This was one of the most mystifying experiences of my life. There were sounds of drums and chants in sanskrit. It felt as if these sounds were calling for gods from the skies above. Just imagine a temple on a lofty himalayan peak, in a small town populated only by religious people, with most of the unsettling noises of cities far far away, and the peace of the night all around except for the drums in the temple. It was amazing. I let myself slip into believing that a tremendous flow of energy was descending down into the temple on the call of those drums and chants. I felt a certain kind of joy. Certain kind of relief. Relaxation. As if there was nothing else to do in the world. I was smitten.

Once the aarti was over, we offered our prasad and got some in exchange. We walked back in a mesmerized state of mind, with a promise to ourselves to come there again. We had our dinner near the guest house and after a bit of walking and then watching tv in the room, we turned to bed.

November 18, 2008

valley of flowers: part V

Day 5, Wed Aug 27 2008: So we had already finished the difficult parts of the trek by now. Today we had to descend back to Govindghat. Our knees were still paining from yesterday's roller coaster descent. After our daily routine of things, we finally departed from Ghangharia, our trekking base for last 3 days. As we kept on walking, our knees also got better slowly. Actually, it's true, when you decide to do some thing, things usually fall in place. We reached Govindghat in 3.5 hours if I recall correctly. We had our lunch there. I tried calling home but phones were not working in Govindghat that day :) So beware, these kinda things, which may sound strange to you, happen quite often in places like these.

Retracing our steps from 3 days back, we came to the main road from where we were "likely" to get a vehicle for pious town of Badrinath. Here we heard the not so encouraging news that road to Badrinath was blocked due to landslide. We were still hopefull though and continued to wait there. After about an hour or so, we were relieved to see 2 buses coming from Badrinath side. I asked the conductor if the road was clear now; he replied in affirmative. Ok, so the road was open now, but we still had to get some vehicle. We waited and waited. I kept running to each vehicle that stopped there to ask if it was going to Badrinath. After waiting for about 2.5 hours there we got a shared jeep at 2:30 pm or so. We launched ourselves into it. As there was hardly any space (there were 5 people on the back seat - 4 on the seat and 1 in the lap of another), we kept our luggage on the roof of the vehicle, which later caused it to get wet.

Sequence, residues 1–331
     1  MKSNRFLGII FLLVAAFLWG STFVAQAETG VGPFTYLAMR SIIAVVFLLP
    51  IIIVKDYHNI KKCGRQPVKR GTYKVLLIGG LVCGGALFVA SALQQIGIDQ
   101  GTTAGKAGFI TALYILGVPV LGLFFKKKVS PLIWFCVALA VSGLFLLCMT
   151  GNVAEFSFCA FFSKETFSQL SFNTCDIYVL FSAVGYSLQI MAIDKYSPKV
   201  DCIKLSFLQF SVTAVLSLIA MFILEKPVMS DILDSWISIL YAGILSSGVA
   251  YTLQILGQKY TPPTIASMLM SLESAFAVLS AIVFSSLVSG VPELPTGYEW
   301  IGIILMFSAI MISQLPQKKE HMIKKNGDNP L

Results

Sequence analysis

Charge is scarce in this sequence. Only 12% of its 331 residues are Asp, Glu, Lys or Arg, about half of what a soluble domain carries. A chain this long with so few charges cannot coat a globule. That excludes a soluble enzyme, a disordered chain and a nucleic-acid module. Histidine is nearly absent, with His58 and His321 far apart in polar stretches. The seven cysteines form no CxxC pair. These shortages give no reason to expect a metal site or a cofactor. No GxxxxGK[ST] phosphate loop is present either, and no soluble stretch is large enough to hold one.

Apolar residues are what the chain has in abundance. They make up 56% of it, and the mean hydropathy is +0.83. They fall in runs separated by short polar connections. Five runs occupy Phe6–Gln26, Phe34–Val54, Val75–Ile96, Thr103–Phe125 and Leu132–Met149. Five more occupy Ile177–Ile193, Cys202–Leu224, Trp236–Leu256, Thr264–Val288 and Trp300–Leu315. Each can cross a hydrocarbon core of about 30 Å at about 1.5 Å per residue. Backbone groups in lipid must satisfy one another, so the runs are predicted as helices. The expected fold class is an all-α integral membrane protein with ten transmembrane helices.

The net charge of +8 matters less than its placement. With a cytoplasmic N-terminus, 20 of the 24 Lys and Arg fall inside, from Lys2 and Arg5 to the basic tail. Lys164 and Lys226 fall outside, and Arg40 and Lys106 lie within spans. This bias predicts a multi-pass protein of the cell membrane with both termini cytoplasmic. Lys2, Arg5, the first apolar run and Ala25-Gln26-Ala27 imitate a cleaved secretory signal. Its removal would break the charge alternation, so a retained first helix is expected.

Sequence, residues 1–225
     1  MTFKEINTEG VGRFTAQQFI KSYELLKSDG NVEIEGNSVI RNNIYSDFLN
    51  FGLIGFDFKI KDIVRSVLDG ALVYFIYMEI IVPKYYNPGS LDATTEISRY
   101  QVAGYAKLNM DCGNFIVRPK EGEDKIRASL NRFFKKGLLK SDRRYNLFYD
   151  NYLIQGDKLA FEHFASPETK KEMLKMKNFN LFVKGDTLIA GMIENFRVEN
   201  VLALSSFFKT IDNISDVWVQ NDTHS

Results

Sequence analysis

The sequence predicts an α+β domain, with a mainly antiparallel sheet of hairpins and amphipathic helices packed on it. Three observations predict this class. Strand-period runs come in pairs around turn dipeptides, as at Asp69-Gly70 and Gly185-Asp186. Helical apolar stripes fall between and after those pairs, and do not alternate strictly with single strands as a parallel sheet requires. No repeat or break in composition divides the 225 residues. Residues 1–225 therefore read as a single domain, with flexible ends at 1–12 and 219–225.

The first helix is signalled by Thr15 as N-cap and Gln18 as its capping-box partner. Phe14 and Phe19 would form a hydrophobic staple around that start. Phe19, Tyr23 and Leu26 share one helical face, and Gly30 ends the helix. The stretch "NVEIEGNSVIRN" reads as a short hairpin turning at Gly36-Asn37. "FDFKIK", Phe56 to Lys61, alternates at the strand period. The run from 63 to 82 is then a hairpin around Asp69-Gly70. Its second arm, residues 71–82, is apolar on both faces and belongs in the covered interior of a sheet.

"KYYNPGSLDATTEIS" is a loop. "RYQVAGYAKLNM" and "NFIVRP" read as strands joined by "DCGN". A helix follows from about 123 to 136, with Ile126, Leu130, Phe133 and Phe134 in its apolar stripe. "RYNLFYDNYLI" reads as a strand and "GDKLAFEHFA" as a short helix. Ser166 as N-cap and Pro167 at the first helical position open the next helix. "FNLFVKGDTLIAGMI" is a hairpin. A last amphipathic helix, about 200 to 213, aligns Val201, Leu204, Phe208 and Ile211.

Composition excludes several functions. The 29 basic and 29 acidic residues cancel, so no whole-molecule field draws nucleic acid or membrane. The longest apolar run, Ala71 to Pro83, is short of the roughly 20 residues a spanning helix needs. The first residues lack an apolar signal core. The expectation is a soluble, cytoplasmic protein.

There were two interesting people in the jeep. They were mule herders, going to Badrinath to buy new mules. They were talking about religion, nature etc. I remember one of them saying that mountains streams are actually tears of mountains :) The other guy seemed more intelligent. He said "It can't be so. If these steams were not there, there won't be enough water on planes". Very interesting their conversation was.

Soon, we reached the landslide zone. It was a mess there; it seemed as if rocks will start falling again on the road at any moment. Our fear was further exacerbated when our driver asked his helper to look outside the window and keep an eye on falling rocks. We just kept our fingers crossed till that stretch was over. Road was in bad shape at lot of other places too. We crossed many streams which had washed the road away and were flowing there unabated. Anyway, we reached Badrinath at around 4:30 pm.

So, we had got at least one good thing from Ghangharia TRH - information regarding TRH in Badrinath. The guard there told us that Badrinath TRH was very nice, unlike Ghangharia TRH, and gave us the address too (actually he was posted at Badrinath TRH earlier). We found the TRH (Hotel Devlok) pretty easily and checked in. The rent was 600 per day and room was very good. For a change there was no need to order for bucket of hot water as there was a working electric geyser in the bathroom and guess what, there was electricity in the town. I remember myself asking the caretaker from what time to what time electricity is available there. No wonder, he was little surprised by that question :)

Now, the first impression of Badrinath. It was an amazing feeling. I am not sure what exactly it was, but I think it was the feeling of spaciousness that we felt there. The town, located on a huge flat top, was very very clean, and had a very fresh feeling. Almost all the buildings were single floor ones, which added to the feeling of spaciousness. And, we were already impressed by the room in TRH and low rates.

After taking bath in hot water all the weariness of the trek was gone. And, then it dawned upon us that our trekking days were finally over and time to relax had come. Some trekking it was. We had trekked for more than 50 kilometers in last 4 day.

Since, this post has already run so long, I'll write the rest about Badrinath in next post, which is coming very soon.